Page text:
Midpoint: A and B Stories cross as Tommy goes on to say about Sanni: “Having that romantic relationship around is detrimental to [Alex’s] armor. You have to focus and inherently a close romantic relationship removes that armor.”

Can you have the mental focus and “armor” necessary to free-solo, and also be emotionally vulnerable enough to be in a relationship?

Even though this isn’t a “typical” Midpoint, if you look closely it nicely raises the stakes, which is one of the important functions of a Midpoint.

Bad Guys Close In: As Alex gets closer and closer to his big climb, the mood grows more serious, more intense. His friends talk about how stressful it is to watch him attempt this. The crew carefully works out where they can place the cameras so they don’t “accidentally kill him.”

Peter Croft, a veteran free-solo climber, talks to Alex about doing it for the “right reasons,” raising the question of Alex’s motivations. Why do this at all?

At the same time, Alex isn’t telling Sanni much about his preparation. Only when she asks him directly does he finally admit that the climb is nearly upon them.

They have a frank conversation in which she asks if he would “ever take [her] into the equation?” When does the achievement become not worth the risk? Alex says if he felt obligated to maximize his lifespan for her, that would be a consideration, but he doesn’t feel that obligation to her now.

The morning of the climb arrives. It’s dark when Alex begins his ascent. After only a short distance, he bails on the climb. Something doesn’t feel right. He can’t do it.

The crew is disturbed; he’s never given up before. Back at his campsite, Alex breaks the news to Sanni, then to Peter Croft. They’re nothing but supportive, but he clearly feels like a failure.

All Is Lost: Alex moves to Las Vegas and buys a house with Sanni. It doesn’t feel like a bad thing. He’s alive, he’s in love.

But that goal, though. He appears to have completely given up on it.

Dark Night of the Soul: Is giving up the right thing to do? What is life really about? Alex believes it’s about performance, achieving something great. Sanni believes it’s about happiness and being with people you love. But as Alex says, “Nothing good happens in the world by being happy and cozy.”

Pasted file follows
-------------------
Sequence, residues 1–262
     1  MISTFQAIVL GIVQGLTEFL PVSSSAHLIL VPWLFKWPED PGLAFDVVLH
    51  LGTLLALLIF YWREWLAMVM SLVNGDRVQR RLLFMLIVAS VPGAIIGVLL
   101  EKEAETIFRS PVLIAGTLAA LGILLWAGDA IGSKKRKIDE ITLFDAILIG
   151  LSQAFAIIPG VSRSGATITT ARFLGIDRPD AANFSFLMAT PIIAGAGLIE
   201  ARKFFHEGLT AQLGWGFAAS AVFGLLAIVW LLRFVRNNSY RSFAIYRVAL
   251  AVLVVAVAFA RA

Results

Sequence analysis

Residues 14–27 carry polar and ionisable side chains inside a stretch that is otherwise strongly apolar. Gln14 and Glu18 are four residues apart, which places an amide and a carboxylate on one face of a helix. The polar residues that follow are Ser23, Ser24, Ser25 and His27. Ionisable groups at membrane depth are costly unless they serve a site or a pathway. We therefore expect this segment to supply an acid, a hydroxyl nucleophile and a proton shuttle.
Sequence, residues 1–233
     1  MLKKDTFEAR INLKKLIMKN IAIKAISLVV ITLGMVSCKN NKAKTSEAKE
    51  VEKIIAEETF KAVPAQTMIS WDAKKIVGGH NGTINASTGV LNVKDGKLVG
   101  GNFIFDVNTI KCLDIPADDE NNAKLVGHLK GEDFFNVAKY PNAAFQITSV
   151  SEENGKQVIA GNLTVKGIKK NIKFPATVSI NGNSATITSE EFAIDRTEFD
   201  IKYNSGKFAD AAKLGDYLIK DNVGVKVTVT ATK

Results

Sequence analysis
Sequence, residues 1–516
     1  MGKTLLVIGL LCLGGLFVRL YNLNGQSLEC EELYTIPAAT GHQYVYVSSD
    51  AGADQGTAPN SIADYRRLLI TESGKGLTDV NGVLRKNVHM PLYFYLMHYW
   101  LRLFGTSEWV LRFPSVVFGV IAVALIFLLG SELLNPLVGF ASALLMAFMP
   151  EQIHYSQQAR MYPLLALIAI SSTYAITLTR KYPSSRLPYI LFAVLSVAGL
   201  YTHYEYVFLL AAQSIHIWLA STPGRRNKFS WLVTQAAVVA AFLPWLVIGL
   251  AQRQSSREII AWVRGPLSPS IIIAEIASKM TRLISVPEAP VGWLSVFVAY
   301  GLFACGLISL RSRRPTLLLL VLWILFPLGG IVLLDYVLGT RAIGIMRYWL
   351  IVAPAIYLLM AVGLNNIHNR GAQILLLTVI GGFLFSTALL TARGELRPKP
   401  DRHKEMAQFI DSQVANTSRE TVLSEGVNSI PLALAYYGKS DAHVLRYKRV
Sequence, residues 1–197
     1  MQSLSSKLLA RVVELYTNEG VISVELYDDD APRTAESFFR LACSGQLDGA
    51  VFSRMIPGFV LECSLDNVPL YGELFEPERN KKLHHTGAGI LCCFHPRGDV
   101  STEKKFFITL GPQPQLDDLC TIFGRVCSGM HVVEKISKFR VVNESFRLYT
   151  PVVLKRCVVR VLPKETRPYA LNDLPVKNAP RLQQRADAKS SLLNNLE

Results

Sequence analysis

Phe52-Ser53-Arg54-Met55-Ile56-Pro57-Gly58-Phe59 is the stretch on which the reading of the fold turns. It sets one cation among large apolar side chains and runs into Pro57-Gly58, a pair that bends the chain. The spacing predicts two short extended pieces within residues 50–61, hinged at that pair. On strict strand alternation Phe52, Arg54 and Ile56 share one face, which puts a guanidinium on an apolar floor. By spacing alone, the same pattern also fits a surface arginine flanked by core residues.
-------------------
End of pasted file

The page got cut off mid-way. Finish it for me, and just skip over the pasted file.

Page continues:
Break into Three: Perhaps a bit early—around 68 minutes in—Alex heads back to the same pitch where he bailed on El Capitan. He tells us, “Maybe I can find another way,” a classic “Break into 3” synthesis sentiment.

Finale: Alex’s friend and one of the movie’s directors, Jimmy Chin, wonders if maybe they shouldn’t film him this time. But Alex says it’s okay—all these people watching just requires more preparation, more confidence.

What Alex seems to have learned is that other people—and the connections you have with them—don’t have to hold you back. Instead, they can give you more reason to show up and give 100%.

Then Alex learns of the death of friend and fellow climber Ueli Steck. Alex seems to accept death as a possible risk, but points out that “Ueli talked about doing sketchy climbs that you just kind of squeak out once, and I’ve always tried not to.”

As Alex continues to prepare, the people around him show up as a support system. Tommy says, “I know he’s going to do it, so I’d like to be there to help him prepare as well as he can. If he went to solo it and fell and died, and I hadn’t helped him prepare? That would be harder for me.”

The crew discusses that tomorrow might be climb day—they ready camera setups that won’t distract him—and agree on what to do if something goes wrong. Jimmy ends the meeting with a somber, “No mistakes tomorrow.”

Sanni hugs Alex goodbye the day before his climb. He didn’t ask her to leave, but she understands it’s easier for him if she’s not there. Alone, she talks about trying not to think that’s the last time they’ll see each other. Sanni doesn’t truly understand why Alex needs or wants to attempt this climb, but she won’t hold him back and, in fact, she too will do everything she can to help.

The next day, Alex climbs. From the beginning the climb seems different this time—he’s different. Alex moves fast, ahead of schedule. As he makes progress it gets harder and harder for friend and cameraman Mikey Schaefer to watch. Sure, with every foot he climbs, Alex is nearing the end. But he’s also getting farther from the safety of solid ground.

Finally Alex gets a little victory as he successfully navigates a spot he’d worried over while training. Watching him, Mikey says, “Alex is having the best day of his life.”

And then Alex reaches 2980 feet—just one final pitch—and then the top. He made it. We hear reactions from the crew, including: “I can’t believe what I just witnessed.” Alex didn’t go it alone—his friends were there with him.

Alex calls Sanni to tell her it’s done and they both fight back tears. Finally we hear him tell her he loves her, a nice payoff to nail home the change we’ve seen him go through.

During a post-mortem with the crew, one says, “A normal person would probably take the day off,” but Alex heads back to his van to keep training.

Final Image: Alex Honnold is the first person to free-solo El Capitan. In an interview, Alex acknowledges that eventually someone will think of something bigger to climb.

As Sanni watches, he continues, “But I don’t know if that’ll be me. Maybe.” And our final image is the contrast between her worried expression and his broad smile, and we’re reminded that the struggle between those competing values continues.